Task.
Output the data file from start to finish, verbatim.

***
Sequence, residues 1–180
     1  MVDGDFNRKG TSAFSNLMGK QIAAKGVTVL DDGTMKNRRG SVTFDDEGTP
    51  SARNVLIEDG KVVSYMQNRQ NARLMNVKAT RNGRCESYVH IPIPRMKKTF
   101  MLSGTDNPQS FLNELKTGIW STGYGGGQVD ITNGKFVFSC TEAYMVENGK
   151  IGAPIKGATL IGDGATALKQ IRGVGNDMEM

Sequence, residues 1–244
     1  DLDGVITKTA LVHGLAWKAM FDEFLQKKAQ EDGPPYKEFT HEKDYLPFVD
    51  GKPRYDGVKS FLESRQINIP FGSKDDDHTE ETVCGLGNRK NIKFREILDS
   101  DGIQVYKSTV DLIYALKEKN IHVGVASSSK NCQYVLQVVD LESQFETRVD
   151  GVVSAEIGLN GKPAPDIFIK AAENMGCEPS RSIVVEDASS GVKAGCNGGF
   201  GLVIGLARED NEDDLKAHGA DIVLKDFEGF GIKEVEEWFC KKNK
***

Sequence, residues 1–180
     1  MVDGDFNRKG TSAFSNLMGK QIAAKGVTVL DDGTMKNRRG SVTFDDEGTP
    51  SARNVLIEDG KVVSYMQNRQ NARLMNVKAT RNGRCESYVH IPIPRMKKTF
   101  MLSGTDNPQS FLNELKTGIW STGYGGGQVD ITNGKFVFSC TEAYMVENGK
   151  IGAPIKGATL IGDGATALKQ IRGVGNDMEM

Sequence, residues 1–244
     1  DLDGVITKTA LVHGLAWKAM FDEFLQKKAQ EDGPPYKEFT HEKDYLPFVD
    51  GKPRYDGVKS FLESRQINIP FGSKDDDHTE ETVCGLGNRK NIKFREILDS
   101  DGIQVYKSTV DLIYALKEKN IHVGVASSSK NCQYVLQVVD LESQFETRVD
   151  GVVSAEIGLN GKPAPDIFIK AAENMGCEPS RSIVVEDASS GVKAGCNGGF
   201  GLVIGLARED NEDDLKAHGA DIVLKDFEGF GIKEVEEWFC KKNK